Q 19: Can you render the pool image we're looking at?
A: Here’s another look. Sorry, the high resolution version stays with me!
Q 20: Are Artlantis 4 and Artlantis Studio separate applications that need to be purchased separately?
A: That depends on what you need. Artlantis 4 is available in two separate packages: Render and Studio. Render creates still images only, while Studio creates still images plus dynamic content like animations, VR object movies, and iVisit 3D panoramic VR presentations. You can start with Render, and if you ever need to create any of the dynamic presentation content, you can upgrade to Studio for very close to the difference in cost between the two applications. Incidentally, they both use the same file format interchangeably, so an office team could easily use both Render and Studio on the same project files.
Q 21: Can ImageCels be incorporated in Artlantis?
A: Yes. According to the imagecels.com FAQ, their “images (people,trees, etc.) are 2D in the 32 bit .TIF (LZW compressed) file format with embedded alpha channel masks. They are placed against a 0,0,0 black background. Textures are 24 bit .TIF (LZW compressed),seamless and tileable.” TIF is one of the many file formats that Artlantis supports, including support for embedded alpha channels.
Q 22: What are good websites to get HQ textures?
A: There really are a ton of them. Our store, objectsonline.com, sells 6different volumes of Artlantis Shaders, but we do not carry any stand alone texture files. Marlin Studios is one old favorite. Another is TurboSquid. But, even with a site as huge as TurboSquid, I will often start my search by using Google image search, and then happen upon professional texture websites along the way, once I find the best example of a texture for whatever specific material I’m trying to create.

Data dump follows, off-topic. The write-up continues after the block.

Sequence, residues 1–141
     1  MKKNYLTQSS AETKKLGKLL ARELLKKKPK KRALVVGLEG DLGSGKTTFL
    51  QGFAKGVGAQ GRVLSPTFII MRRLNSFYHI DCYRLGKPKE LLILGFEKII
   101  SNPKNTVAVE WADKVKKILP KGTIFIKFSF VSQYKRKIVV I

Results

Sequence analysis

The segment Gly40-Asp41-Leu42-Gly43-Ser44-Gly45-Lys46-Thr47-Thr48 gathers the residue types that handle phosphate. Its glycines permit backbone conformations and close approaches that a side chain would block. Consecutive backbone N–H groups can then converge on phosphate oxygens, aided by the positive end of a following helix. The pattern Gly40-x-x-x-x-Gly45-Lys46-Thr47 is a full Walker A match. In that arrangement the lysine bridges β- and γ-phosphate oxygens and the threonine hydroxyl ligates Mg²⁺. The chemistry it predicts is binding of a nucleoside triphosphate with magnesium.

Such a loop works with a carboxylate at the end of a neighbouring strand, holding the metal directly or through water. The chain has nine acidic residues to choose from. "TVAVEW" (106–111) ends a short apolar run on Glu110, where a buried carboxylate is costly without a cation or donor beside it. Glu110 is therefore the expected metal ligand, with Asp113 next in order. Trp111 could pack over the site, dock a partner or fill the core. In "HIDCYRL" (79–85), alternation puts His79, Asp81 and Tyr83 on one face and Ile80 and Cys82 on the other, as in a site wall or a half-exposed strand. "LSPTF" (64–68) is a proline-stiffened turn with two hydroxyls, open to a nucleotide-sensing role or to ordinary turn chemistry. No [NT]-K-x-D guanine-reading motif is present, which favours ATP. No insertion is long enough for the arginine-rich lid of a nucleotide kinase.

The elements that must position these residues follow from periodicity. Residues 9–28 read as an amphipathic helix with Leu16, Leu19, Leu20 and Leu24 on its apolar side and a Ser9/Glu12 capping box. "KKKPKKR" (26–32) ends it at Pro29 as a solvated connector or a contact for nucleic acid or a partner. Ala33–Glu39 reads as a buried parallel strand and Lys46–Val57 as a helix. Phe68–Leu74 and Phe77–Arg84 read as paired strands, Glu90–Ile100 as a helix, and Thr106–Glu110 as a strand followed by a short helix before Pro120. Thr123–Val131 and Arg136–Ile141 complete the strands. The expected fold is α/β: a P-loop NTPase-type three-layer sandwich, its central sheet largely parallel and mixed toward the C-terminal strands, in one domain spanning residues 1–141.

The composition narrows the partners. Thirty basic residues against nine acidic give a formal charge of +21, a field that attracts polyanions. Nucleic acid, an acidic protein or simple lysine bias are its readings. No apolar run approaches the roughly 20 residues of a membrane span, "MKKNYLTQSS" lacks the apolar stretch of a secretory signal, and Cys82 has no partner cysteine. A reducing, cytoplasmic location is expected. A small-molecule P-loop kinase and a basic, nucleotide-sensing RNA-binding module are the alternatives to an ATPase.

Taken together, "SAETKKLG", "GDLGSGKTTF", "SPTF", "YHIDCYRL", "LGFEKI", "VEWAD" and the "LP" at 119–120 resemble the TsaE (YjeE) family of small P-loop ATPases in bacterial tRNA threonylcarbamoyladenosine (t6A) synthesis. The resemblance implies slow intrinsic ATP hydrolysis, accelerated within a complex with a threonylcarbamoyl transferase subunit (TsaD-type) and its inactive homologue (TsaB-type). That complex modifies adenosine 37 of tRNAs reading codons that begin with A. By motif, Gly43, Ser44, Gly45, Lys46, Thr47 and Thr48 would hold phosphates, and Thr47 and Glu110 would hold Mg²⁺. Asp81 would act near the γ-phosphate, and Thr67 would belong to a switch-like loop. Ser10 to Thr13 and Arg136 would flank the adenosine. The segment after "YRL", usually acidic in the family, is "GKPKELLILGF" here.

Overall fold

Q 23: I was an Artlantis user for many years and missed the latestupgrade path. In 4.1 can we re use all the shaders that we have for the past versions? (vol 1-10)
A: Artlantis has been around since the days of big hair and spandex (although being a French product, I’m not sure what was popular in Paris back then). When Artlantis was completely recoded and released in 2005, Abvent reset the version numbering to 1.0 and split the product into Render and Studio. Users of the legacy version, which had reached v.4.5, had a period of several years during which they could upgrade at a discount. Currently, users on Render or Studio v1.0 or later are eligible for a discounted upgrade to Render or Studio v4.1. Regarding the legacy Shaders, if the disc they came on is copyrighted year 2000 or later, there is still a chance they might work. Backwards compatibility was available for the legacy Artlantis Shaders volumes1-10, if they were released on or after year 2000. Although many of them still might work, they are not officially supported anymore. I’m not sure if yours will still work for you, but you could test that out by downloading the Artlantis 4.1 demo version, which runs without a serial number for 30 days. You would just need to copy your legacy Shaders into your programs folder…Artlantis/Media/Shaders/.
Q 24: Are postcards embedded in the project file, or do we need totransfer postcards to other computers where the project file is being worked on?